Hong Kong will not loosen its property-market policy curbs even as housing prices and transactions decline, Financial Secretary John Tsang said.
“Currently, our measures, which aim to keep the home market development stable and healthy, are effective,” Tsang told reporters in Hong Kong today. “We will continue the existing measures.”
The city’s government is following China’s lead in trying to rein in housing prices in Hong Kong, which had risen to a 14-year high by the middle of last year. Premier Wen Jiabao said this week that his government will maintain curbs on the property market to bring values to a reasonable level.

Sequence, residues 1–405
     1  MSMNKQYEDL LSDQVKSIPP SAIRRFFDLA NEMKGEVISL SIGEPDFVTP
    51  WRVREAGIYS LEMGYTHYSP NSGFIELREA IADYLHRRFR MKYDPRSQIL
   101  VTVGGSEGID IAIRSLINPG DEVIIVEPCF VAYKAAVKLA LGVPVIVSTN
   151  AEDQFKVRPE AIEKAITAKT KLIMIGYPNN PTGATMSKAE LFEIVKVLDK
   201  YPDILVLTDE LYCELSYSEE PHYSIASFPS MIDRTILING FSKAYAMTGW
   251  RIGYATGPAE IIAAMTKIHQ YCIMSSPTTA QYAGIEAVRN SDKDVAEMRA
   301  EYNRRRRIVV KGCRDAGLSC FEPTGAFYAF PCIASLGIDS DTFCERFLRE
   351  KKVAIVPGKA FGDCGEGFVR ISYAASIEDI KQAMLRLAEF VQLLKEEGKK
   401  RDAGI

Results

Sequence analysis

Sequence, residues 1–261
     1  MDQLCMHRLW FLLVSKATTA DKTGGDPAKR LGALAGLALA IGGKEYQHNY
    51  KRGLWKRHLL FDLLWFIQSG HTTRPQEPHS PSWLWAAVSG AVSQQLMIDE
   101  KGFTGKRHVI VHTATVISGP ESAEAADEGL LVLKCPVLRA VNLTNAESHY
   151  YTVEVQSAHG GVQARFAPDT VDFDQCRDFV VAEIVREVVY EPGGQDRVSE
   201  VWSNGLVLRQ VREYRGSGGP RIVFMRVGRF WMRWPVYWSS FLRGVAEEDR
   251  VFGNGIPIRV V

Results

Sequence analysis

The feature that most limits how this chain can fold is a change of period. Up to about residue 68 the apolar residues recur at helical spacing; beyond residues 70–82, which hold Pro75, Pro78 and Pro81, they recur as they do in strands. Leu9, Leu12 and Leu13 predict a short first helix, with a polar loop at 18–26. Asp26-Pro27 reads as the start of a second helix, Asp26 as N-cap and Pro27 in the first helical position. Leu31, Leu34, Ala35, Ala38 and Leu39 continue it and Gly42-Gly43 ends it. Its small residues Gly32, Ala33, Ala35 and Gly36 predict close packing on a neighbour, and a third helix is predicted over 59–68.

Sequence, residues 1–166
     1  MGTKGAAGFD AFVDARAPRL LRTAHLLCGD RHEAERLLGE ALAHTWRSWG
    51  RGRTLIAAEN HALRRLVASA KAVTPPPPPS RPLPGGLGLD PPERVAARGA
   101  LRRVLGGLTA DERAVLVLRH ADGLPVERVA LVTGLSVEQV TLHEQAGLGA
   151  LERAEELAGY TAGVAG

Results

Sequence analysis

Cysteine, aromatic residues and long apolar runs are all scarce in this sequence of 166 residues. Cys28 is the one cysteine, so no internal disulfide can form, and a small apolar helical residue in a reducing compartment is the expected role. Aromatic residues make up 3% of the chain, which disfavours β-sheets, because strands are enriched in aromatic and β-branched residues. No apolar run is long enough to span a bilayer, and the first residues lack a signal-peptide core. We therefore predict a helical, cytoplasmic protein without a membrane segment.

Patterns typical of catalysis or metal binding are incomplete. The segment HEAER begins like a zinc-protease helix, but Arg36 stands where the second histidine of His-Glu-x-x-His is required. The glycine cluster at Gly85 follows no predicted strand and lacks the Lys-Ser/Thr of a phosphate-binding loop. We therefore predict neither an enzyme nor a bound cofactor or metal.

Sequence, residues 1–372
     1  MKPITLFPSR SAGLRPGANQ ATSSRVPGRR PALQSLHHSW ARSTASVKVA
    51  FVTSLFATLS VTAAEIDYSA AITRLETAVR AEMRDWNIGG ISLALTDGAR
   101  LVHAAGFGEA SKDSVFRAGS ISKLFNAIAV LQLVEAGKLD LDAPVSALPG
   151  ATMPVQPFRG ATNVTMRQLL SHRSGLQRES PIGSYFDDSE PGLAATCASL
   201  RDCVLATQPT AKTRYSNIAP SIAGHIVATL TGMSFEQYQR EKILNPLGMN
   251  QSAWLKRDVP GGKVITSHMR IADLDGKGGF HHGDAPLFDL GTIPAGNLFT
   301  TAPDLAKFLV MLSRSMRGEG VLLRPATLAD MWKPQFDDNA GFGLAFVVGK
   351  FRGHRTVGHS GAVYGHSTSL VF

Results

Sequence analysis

In Hong Kong, rising borrowing costs, extra transaction taxes and higher down-payment requirements imposed by the government have damped demand.
The number of home sales in Hong Kong slumped 56 percent in January from a year earlier to 3,507, the lowest level since 2008, Land Registry figures showed yesterday. Home prices slid 6 percent from their peak in June, according to Centaline Property Agency, the city’s biggest closely held real-estate broker in the city.
Tsang also warned of the effects in Hong Kong of the U.S. pledge to maintain low interest rates. Hong Kong’s rates track the U.S.’s because of a currency peg.